1. God exerts all power.

2. God can do absolutely anything.

3. God can control others or circumstances.[6]


Some theists affirm one or two meanings but not all. Some reject the idea God exerts all power, for instance, but believe God can control others. Others say God can do anything but also say God doesn’t always control creatures. Many claim God can singlehandedly determine outcomes but cannot do what is illogical or self-contradictory. And it’s common for believers to say God is omnipotent but appeal to mystery when vexing questions arise.


I’d love to hear your questions, suggestions, and thoughts. Now that you know the general aim of the book, what issues should I be sure to address?

(I explain amipotence a bit in my book, Pluriform Love. Also, see this essay from Jay McDaniel.)

[1] Ruth Harms Calkin, “My God is so Big” (Permission to quote granted from Nuggets of Truth Publishing).

[2] Handel seems to be drawing from Revelation 19:6, which in Latin and in the King James Version of scripture is translated “omnipotent” but in most contemporary biblical translations is rendered “almighty.”

[3] Augustine, De Trinitate, IV 20, 27 (CChr.SL), 50, 197: “Quis est autem omnipotens, nisi qui omnia potest.” Despite this claim, Augustine also notes a number of things God cannot do.

[4] Theologians have explored the distinction between God’s potential power and the actual expression of divine power. See, for instance, Ian Robert Richardson, “Meister Eckhart’s Parisian Question of ‘Whether the omnipotence of God should be considered as potentia ordinata or potentia absoluta?” Doctoral Dissertation (King’s College London, 2002), 17.

[5] In previous writings, I’ve said we could rightly call God almighty in the senses. God is 1) the mightiest, 2) exerts might upon all, and 3) the source of might for all. Gijsbert Van Den Brink argues for “almightiness” over omnipotence in Almighty God: A Study of the Doctrine of Divine Omnipotence (Netherlands: Kok Pharos, 1993).

[6] By “control,” I mean acting as the sufficient cause of some creature, circumstance, or event. To describe such control, I use phrases like “singlehandedly decide outcomes,” “unilaterally determine,” or others that depict God as the sole cause. I will argue that God never has controlled and, in fact, cannot control others.

* * * * * * * *

Part 2
Omnipotence Not in Scripture

by Thomas Jay Oord
November 27th, 2022

I’m currently writing a book that rejects the doctrine of divine omnipotence. I’ll suggest a replacement I call divine amipotence – the power of love. I introduced the writing project in this previous blog essay.

One chapter in my book addresses God’s power described in what Christians call the Old and New Testaments. I’ll argue that omnipotence — even the Hebrew and Greek words often translated “almighty” or “all-powerful” — are not in the biblical texts.

God’s Power in Scripture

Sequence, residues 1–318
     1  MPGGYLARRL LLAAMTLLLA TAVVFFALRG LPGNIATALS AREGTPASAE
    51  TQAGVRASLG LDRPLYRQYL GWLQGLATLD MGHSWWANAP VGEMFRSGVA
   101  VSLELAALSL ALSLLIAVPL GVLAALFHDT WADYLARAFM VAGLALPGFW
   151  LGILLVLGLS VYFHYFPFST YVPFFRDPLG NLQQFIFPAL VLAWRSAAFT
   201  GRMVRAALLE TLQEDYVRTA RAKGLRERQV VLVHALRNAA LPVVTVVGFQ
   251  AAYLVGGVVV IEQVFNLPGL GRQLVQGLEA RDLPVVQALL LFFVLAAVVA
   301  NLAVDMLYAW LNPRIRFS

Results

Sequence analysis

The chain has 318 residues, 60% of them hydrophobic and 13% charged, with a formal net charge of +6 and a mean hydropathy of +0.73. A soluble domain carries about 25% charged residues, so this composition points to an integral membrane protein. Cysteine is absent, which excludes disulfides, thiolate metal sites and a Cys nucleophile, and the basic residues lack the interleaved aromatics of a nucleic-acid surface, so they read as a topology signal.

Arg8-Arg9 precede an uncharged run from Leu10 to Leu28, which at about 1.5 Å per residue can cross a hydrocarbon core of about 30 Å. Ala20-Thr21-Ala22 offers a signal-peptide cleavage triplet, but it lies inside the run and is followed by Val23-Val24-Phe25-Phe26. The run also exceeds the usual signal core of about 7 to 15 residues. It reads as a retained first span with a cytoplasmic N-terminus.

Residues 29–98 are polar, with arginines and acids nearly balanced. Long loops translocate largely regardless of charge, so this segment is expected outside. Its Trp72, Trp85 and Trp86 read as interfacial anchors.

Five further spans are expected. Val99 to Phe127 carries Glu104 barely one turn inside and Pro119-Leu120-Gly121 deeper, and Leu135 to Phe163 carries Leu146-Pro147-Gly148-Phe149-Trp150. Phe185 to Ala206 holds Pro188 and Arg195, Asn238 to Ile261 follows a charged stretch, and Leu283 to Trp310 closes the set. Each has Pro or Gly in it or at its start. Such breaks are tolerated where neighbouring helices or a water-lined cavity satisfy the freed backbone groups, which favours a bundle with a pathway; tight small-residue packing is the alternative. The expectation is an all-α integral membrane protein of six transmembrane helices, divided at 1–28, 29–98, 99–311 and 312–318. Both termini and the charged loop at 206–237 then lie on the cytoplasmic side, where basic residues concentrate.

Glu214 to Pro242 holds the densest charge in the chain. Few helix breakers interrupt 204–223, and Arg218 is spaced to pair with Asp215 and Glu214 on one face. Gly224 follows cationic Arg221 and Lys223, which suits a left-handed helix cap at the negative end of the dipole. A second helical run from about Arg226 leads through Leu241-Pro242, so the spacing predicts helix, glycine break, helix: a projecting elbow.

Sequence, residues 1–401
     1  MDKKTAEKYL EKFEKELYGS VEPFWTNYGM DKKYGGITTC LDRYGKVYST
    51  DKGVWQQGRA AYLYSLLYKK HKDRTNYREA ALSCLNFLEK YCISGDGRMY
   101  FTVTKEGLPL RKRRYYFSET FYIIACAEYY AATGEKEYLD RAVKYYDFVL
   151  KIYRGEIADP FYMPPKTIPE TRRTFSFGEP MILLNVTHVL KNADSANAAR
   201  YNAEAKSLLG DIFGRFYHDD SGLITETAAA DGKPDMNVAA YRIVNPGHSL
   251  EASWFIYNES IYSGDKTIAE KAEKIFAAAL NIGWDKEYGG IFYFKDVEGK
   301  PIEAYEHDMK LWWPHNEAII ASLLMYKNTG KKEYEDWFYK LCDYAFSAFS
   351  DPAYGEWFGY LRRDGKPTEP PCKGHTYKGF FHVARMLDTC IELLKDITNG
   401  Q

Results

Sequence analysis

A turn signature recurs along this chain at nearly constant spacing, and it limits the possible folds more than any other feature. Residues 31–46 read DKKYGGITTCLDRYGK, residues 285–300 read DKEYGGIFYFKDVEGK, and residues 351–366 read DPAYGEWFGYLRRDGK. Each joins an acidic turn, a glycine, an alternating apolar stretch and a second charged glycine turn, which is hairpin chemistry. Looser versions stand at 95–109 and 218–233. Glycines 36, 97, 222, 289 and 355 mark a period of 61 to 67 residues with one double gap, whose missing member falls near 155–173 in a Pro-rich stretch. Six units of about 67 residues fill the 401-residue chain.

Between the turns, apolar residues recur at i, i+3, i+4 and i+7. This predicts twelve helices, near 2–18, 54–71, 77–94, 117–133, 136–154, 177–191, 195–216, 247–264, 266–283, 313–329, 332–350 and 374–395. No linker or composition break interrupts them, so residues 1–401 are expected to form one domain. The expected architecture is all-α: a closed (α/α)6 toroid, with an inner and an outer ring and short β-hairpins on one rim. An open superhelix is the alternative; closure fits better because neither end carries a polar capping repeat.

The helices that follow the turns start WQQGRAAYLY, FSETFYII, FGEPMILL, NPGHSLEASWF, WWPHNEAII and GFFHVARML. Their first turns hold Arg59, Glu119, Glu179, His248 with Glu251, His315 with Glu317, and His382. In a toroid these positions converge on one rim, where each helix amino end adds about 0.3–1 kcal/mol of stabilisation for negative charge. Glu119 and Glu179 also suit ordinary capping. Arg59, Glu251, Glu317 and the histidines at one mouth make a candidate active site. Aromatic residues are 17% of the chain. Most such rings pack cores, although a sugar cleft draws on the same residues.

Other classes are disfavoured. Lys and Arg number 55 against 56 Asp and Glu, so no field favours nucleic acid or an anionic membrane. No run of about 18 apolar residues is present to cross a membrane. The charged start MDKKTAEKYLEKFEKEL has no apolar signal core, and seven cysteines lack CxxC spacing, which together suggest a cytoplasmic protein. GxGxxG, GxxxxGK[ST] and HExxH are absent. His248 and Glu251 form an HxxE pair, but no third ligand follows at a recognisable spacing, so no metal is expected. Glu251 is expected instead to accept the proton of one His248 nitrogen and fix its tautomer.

Authors of sacred writ describe a God who does amazing things, including creating the heavens and the earth, enacting miracles, providing salvation, and promising ultimate victory over evil. While English translators typically avoid “omnipotence” when translating Hebrew and Greek texts, they do use “almighty.” Many people believe biblical writers portray God as all-powerful.

Given this reading of scripture, Arthur Pink puts the significance of omnipotence this way: “If God were stunted in might and had a limit to His strength, we might well despair. But seeing that He is clothed with omnipotence, no prayer is too hard for Him to answer, no need too great for Him to supply, no passion too strong for Him to subdue, no temptation too powerful for Him to deliver from, no misery too deep for him to relieve.”[1]

According to many, only an omnipotent God can save.

The Hopelessness of Omnipotence

Omnipotence does not inspire hope in everyone, however. It leads many to despair and unbelief. To those who suffer, a God who can singlehandedly liberate seems asleep. Or this God doesn’t care enough to rescue the hurting from horrors and holocausts. Fervent prayers for healing go unanswered; cries for help from the sexually abused elicit few godly rescues.

Consequently, many people have no desire to live forever with a deity who allows evil now. An almighty God isn’t trustworthy.

I will argue that Christian scripture does not support omnipotence, at least as understood in the three ways I’ve identified. God doesn’t have all power, there are many things God cannot do, and God can’t control others.

Biblical authors talk about divine action, and they consider God’s power immense. But the Hebrew and Greek words translated “almighty,” “sovereign,” and the like support neither classic nor popular understandings of God as all-powerful.


In fact, writers of scripture acknowledge limits to divine power. And they point to the role creatures play in bringing about outcomes.

Omnipotence isn’t born of scripture.

Issues to Address?

As you see it, what words, passages, or issues should I address when talking about God’s power described in Scripture?

[1] Arthur Pink, 67.